Movie Review

A cardboard fort is the real star of ‘Dave Made a Maze’

A slacker turns appliance boxes, egg cartons, and more into wondrous creations in “Dave Made a Maze.”
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A slacker turns appliance boxes, egg cartons, and more into wondrous creations in “Dave Made a Maze.”

It’s tempting to compare “Dave Made a Maze” to the surrealist mischief of Charlie Kaufman’s “Synecdoche, New York,” and “Anomalisa.” With its fantastical tale of a slacker lost in the cardboard fort he’s built, this film from first-time director Bill Watterson is strange even by indie-oddity standards. You won’t come to “Dave” for the unpolished interplay, but you’ll surely stay for its preposterously elaborate kid-crafty sets.

An animated opening introduces Dave (comedian Nick Thune) as a scattered creative type who’s got one Big Idea after another, but who’s lousy at follow-through. No great surprise that his chance glimpse of an ant farm inspires him to gather appliance boxes, egg cartons, and other pre-K building supplies and craft an OCD labyrinth in his living room. Annie (Meera Rohit Kumbhani), Dave’s long-suffering girlfriend, isn’t entirely surprised either, but she’s still a little distressed that he won’t — or can’t — come out, and that his voice has become a weirdly distant echo.

Despite Dave’s warnings to keep out — his construct is disorientingly bigger on the inside, he cautions — Annie heads in to rescue him. She’s joined by their wisecracking buddy Gordon (Adam Busch), a gaggle of other friends, and even — why not? — an inquiring documentarian (James Urbaniak).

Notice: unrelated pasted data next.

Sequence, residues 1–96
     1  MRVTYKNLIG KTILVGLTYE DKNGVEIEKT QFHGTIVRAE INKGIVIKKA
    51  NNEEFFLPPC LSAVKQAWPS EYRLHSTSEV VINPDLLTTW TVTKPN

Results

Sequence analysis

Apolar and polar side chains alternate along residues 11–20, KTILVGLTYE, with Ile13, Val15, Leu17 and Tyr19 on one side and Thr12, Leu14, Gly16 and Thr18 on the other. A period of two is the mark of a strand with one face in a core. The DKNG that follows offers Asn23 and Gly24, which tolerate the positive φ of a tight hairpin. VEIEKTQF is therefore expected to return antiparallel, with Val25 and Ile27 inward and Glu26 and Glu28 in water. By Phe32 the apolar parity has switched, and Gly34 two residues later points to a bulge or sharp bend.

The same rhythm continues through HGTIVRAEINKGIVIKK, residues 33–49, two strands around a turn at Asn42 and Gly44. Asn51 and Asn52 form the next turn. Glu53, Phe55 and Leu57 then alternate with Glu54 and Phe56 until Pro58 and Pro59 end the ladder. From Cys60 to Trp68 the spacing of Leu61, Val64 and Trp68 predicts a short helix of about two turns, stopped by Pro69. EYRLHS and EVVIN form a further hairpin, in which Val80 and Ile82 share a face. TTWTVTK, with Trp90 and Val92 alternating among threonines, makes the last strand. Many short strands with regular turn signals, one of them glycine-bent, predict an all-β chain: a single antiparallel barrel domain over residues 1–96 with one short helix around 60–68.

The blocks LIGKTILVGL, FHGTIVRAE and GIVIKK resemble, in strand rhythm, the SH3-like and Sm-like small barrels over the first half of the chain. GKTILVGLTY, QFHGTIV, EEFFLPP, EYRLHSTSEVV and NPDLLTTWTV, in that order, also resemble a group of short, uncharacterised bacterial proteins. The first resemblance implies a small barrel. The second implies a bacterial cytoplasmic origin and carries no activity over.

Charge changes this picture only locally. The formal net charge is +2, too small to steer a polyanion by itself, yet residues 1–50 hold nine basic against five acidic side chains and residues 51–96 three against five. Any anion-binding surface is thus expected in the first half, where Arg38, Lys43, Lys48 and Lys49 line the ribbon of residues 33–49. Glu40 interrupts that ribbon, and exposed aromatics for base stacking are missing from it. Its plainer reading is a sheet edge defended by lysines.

It takes the group a while to locate Dave, but what they find in the meantime is cavernous, and wondrous. (Completely recyclable, too!) A hall with an idol of Great Oz-ian enormity spewing confetti fury. A parlor that’s all “Alice in Wonderland” perspective tricks. A room where Dave has turned the packaging from that electronic keyboard he never plays into an unending corridor of tickle-ready ivories. A box-headed minotaur that not only works the labyrinth motif, but also recalls legendary doodlemeister Terry Gilliam and “Time Bandits.”

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There aren’t sufficient words to describe the remarkable visual environment; suffice it to say that the production designers are the stars here as much as the cast. More so, really.

Despite Thune’s stand-up background, he and Kumbhani banter stiffly, and they struggle to lend resonance to quarter-life existential musings. Busch and Urbaniak have better luck with comedic bits. But ultimately, it’s all the cardboard that keeps us from getting bored.



Directed by Bill Watterson. Written by Steven Sears and Watterson. Starring Nick Thune, Meera Rohit Kumbhani, Adam Busch, James Urbaniak. At Brattle Theatre. 80 minutes. Unrated (language, sexual references, cartoon gore).

Tom Russo can be reached at